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Python and shell scripts interaction library

Project description


This small module allows you to write shell commands inside your Python program. This module is not a replacement for subprocess or any of the Python modules that are a high level abstractions on top of program and command execution or shell interaction. On the contrary ShellWrap executes a shell interpreter that will live as long as your Python script is running. A simple function decorator will allow Python function to have a shell script body. These functions will be augmented and passed to the shell interpreter. Let's start with some examples:

Example: Check if a site is UP

This example will regularily check for the given site to respond with a 200, Ok. This is handy when you are waiting for a site to become responsive or waiting for it to boot up.

import time
from shellwrap import ShellWrap
shell = ShellWrap('bash').get_shell()

def is_the_site_up(url):
    'curl -sL -m 2 -w "%{http_code}" "${url}" -o /dev/null | grep -q 200'

while is_the_site_up('').fails():

You just have to annotate a function with the @shell decorator and it will be parsed and each line (a loose string) will be fed into a running bash interpreter.

Example: Getting results

The return value of calling a function annotated with @shell is a Result type that has a few convenience functions:

  • Result().fails() returns True if the command failed (its exitcode is != 0)
  • Result().success() returns True if the command succeeded (equivalent to not .fails())
  • Result().exitcode contains the exit code of the last command executed in your function
  • Result().stdout contains all the output of the execution of your function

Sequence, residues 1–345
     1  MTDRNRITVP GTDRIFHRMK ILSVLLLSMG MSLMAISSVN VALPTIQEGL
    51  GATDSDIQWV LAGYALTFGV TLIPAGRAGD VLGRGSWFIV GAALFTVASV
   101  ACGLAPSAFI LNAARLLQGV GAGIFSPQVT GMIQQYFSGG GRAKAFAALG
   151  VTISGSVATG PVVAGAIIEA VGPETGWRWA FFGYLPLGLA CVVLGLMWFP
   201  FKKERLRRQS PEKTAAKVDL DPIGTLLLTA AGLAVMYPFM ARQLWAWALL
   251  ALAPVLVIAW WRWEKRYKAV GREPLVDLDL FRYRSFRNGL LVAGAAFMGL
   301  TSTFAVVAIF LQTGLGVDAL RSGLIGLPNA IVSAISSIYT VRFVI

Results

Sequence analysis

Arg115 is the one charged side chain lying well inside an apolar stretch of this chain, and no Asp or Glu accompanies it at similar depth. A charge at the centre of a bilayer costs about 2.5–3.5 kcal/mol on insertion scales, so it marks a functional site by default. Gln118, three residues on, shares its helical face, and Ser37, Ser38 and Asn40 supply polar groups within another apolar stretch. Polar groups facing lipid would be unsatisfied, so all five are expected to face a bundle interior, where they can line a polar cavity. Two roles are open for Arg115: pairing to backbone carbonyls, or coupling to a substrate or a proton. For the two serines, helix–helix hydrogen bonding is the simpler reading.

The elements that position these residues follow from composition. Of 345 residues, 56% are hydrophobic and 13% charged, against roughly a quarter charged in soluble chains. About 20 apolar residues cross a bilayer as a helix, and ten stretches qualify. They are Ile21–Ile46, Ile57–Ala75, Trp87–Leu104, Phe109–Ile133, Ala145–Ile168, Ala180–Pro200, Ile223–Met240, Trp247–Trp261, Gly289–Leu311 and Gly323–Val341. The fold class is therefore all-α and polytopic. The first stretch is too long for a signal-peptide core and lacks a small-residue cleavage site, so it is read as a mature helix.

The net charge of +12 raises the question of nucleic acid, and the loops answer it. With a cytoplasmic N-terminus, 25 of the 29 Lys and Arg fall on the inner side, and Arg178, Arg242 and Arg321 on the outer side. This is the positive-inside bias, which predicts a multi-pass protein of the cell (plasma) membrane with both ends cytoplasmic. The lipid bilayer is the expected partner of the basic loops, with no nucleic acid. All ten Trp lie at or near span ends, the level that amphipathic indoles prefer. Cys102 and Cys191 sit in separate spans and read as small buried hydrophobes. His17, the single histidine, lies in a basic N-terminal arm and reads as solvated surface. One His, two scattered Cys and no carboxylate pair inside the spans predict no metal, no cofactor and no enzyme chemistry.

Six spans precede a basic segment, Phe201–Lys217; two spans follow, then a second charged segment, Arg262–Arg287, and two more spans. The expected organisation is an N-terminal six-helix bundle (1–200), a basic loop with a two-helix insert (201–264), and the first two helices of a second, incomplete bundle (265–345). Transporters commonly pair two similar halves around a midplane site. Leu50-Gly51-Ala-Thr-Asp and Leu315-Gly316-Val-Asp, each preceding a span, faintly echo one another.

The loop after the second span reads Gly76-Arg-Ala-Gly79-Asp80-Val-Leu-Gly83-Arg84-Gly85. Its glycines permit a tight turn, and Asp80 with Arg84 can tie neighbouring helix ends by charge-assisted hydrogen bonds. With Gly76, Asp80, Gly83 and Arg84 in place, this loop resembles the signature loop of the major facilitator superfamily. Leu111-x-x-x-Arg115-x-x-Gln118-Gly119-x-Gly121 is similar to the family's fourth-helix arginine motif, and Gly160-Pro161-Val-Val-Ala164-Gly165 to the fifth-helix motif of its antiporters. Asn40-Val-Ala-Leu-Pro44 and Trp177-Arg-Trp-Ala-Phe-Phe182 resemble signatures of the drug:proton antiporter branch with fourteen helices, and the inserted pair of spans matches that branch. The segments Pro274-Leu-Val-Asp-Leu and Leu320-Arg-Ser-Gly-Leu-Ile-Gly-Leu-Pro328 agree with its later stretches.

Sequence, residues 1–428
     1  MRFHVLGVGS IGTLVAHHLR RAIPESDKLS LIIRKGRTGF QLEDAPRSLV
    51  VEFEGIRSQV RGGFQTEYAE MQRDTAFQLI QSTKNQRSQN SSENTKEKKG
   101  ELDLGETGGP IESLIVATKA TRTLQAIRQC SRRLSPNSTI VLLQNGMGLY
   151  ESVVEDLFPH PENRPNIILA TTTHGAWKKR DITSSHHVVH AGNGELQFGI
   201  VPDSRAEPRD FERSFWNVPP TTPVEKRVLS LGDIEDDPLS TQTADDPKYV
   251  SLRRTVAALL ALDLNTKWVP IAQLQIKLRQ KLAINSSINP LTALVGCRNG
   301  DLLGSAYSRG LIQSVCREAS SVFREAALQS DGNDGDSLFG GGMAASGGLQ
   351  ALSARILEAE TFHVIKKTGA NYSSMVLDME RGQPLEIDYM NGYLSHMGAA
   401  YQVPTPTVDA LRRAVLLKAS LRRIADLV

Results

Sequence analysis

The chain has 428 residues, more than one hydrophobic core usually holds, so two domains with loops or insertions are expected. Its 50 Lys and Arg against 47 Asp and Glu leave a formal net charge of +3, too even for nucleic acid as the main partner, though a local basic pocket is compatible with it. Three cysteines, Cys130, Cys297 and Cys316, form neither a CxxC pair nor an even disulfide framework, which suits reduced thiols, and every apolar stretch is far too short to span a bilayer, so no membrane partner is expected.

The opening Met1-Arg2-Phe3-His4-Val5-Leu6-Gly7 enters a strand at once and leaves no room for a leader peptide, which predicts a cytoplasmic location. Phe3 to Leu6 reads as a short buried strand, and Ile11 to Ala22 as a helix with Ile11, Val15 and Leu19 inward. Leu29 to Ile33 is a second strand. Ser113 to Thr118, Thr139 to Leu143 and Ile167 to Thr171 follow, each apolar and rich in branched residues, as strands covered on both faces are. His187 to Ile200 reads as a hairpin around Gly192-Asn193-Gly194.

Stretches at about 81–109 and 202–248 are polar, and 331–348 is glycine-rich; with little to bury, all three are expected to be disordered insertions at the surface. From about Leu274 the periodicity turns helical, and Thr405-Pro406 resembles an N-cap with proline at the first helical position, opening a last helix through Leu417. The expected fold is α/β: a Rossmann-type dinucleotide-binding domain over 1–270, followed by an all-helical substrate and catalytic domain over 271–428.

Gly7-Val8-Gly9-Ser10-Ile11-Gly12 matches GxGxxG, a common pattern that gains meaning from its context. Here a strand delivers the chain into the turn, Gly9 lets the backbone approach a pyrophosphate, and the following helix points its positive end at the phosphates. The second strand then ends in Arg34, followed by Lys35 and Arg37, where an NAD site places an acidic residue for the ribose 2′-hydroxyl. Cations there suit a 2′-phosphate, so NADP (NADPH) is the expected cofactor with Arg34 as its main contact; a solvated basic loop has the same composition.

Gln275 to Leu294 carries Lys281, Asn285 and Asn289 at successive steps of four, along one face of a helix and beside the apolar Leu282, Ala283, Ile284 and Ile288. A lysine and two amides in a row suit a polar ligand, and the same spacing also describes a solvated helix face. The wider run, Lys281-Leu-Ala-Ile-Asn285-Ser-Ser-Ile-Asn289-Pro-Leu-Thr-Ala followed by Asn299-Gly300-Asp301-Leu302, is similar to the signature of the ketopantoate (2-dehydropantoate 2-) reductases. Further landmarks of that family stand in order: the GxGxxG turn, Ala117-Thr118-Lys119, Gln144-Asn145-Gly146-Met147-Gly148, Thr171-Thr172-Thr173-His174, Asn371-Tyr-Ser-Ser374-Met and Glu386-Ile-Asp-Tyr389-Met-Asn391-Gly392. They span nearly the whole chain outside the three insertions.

Example: Passing arguments to functions

You can define a function with arguments, like is_the_site_up above and these arguments will be converted into variables for the execution of your function, inside the bash environment.

def passing_arguments_to_funcs(arg0, arg1, someother):
    'echo "got $arg0 and $arg1"'
    'echo "and also $someother"'

result = passing_arguments_to_funcs('hello', 10, 'love you bash')

assert(result.exitcode == 0)

This will result in the following being displayed:

got hello and 10
and also I love you bash

Example: Timeouts

You might have a process that you only want to execute for a few seconds, for it to return. If the process get stuck, you want to kill it and continue with your life. This is possible with ShellWrap by using the timeout parameter in your decorator.

def will_timeout_in_3_secs(mymessage):
    'sleep 1'
    'echo "${mymessage}"'
    'sleep 1'

result = will_timeout_in_3_secs('Only patience will reveal the truth.')
if result.success():
    print('Your patience will be rewarded')

In the last example, we will give the decorated function 10 seconds to run, and we know it will take around 8 seconds to complete. The first run will succeed, but if you change the timeout parameter to 7, the function will fail. Will still print the message passed as an argument to the function (the echo was called), but the function will result in an error, as it was killed because of the timeout.

Contributing to the project

Please see our Contribution page!


The project is distributed under the MIT license.

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